This thesis is a study of symbolism in Tennessee Williams's "The Night of the Iguana" and "Sweet Bird of Youth". The discussion consists of two parts. The first part is a discussion of the major symbols found in the chosen plays. The sec ond discussed the minor symbols. The major symbols are discussed in chapter II and mean while the minor symbols are discussed in chapter IV. The central symbols of the first play is the trapped iguana. The major symbols do not only reflect t the main character b...
  • Use Of Proxemics In The Play
    584 words
    The American plays A Streetcar Named Desire, by Tennessee Williams and Desire Under The Elms, by Eugene O'Neill both use expressionist and symbolist techniques in order to change people's perceptions of the world. Different dramatic techniques might be used to produce these plays in order to create relevant and challenging theatrical experiences. A Streetcar Named Desire, written in 1947, shows the emergence of a New America after World War Two, and the collapse of the Old America, or the old So...
  • John Proctor And Abigail Williams
    414 words
    America has always been a nation possessed by the concept of being righteous and of always being free from blame. Arthur Miller does a case study of the warped America psyche of being Godlike in his tragedy, The Crucible. Here Miller uses character development, symbolism, and setting to emphasize the American obsession with perfection. During the late 1600'is, towns were becoming corrupt due to the fact that everyone was persecuting their friends and family. In this novel, Abigail Williams is a ...
  • Characteristic Of The Play
    457 words
    Trifles, by Susan Glaspell, was misleading but interesting. On your initial reading the focus of the play is not clear. The play seems to be about two men trying to find a motive for a murder while two women, who are trying to occupy their time, discover a dead bird. While this characteristic of the play frustrated me, it also made me curious to know if the play had a different meaning. Reading this play reminded me of the first time I watched Monster's Ball and didn't know what it was about. Al...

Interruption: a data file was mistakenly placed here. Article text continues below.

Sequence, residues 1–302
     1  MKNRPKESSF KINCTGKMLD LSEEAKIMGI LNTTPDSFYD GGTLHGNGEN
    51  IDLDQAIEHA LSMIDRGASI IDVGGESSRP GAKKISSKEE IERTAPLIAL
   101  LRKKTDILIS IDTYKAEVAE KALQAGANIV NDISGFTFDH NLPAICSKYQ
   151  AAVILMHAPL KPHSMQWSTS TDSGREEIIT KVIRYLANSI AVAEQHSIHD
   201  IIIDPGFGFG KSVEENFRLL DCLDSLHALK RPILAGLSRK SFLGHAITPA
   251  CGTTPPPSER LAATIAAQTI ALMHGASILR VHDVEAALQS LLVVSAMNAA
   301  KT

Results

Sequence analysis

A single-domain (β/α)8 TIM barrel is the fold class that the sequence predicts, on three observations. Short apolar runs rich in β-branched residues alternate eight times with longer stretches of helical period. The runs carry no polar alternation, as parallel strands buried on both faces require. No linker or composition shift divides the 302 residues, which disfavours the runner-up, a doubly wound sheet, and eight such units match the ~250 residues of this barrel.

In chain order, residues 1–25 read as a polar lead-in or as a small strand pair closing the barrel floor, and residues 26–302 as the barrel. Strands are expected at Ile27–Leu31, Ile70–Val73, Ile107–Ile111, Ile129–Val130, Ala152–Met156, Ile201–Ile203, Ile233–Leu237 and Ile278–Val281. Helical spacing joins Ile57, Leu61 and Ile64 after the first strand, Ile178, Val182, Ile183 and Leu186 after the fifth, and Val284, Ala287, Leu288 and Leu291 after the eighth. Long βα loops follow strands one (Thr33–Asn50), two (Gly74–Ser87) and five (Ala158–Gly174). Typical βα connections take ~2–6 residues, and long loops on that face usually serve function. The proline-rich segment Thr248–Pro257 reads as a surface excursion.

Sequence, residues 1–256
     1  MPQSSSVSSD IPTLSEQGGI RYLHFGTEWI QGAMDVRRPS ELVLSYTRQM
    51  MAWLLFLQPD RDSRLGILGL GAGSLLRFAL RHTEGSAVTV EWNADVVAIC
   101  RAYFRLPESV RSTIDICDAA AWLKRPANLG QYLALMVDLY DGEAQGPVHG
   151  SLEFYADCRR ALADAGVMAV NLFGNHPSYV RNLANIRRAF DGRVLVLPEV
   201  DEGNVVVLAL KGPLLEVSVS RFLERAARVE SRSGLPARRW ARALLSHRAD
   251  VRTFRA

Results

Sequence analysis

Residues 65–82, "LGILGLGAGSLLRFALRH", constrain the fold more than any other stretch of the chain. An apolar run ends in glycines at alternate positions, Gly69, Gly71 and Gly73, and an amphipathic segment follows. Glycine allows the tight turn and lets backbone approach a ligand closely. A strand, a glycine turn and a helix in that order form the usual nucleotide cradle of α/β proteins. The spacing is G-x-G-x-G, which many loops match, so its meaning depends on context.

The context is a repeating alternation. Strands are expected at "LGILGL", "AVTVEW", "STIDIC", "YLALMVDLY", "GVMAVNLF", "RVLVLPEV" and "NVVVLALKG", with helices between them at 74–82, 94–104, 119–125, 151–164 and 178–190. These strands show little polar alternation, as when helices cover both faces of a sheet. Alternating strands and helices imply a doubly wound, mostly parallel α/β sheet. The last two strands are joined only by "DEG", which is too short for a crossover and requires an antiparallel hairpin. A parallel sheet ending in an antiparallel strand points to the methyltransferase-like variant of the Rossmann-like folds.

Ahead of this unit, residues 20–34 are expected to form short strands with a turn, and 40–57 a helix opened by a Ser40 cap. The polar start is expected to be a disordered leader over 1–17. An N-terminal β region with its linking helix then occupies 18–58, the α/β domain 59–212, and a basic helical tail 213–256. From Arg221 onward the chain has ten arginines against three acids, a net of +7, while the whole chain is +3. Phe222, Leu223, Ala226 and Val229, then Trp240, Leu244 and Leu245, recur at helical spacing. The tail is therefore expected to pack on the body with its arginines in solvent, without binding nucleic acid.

• Symbolism Of Desire In The Play
    816 words
    MOTIFS CONNECTED WITH BLANCHE FROM A STREETCAR NAMED DESIRE The term motif is defined in the Oxford English dictionary as a theme repeated and developed in artistic work. Tennessee Williams was once quoted as saying "Symbols are nothing but the natural speech of drama the purest language of plays' This is clearly evident in A Streetcar Named Desire. In analyzing the main character of the story, Blanche DuBois, it is crucial to use both the literal implication of the text as well as the motifs, t...
  • Bridge Of The Play
    847 words
    The whole of this play involves symbolism, on many different levels. The end scene, in which Eddie takes his own life with his own knife is symbolic of the self-destructive nature that led to such an ending. As Arthur Miller wished to write ' a modern Greek tragedy it is likely that the symbolism of the dagger is Eddies sexuality, which drove him to his drastic actions and eventually death. During the confrontation earlier in the play Marco raised a chair like a weapon, symbolic of the fight yet...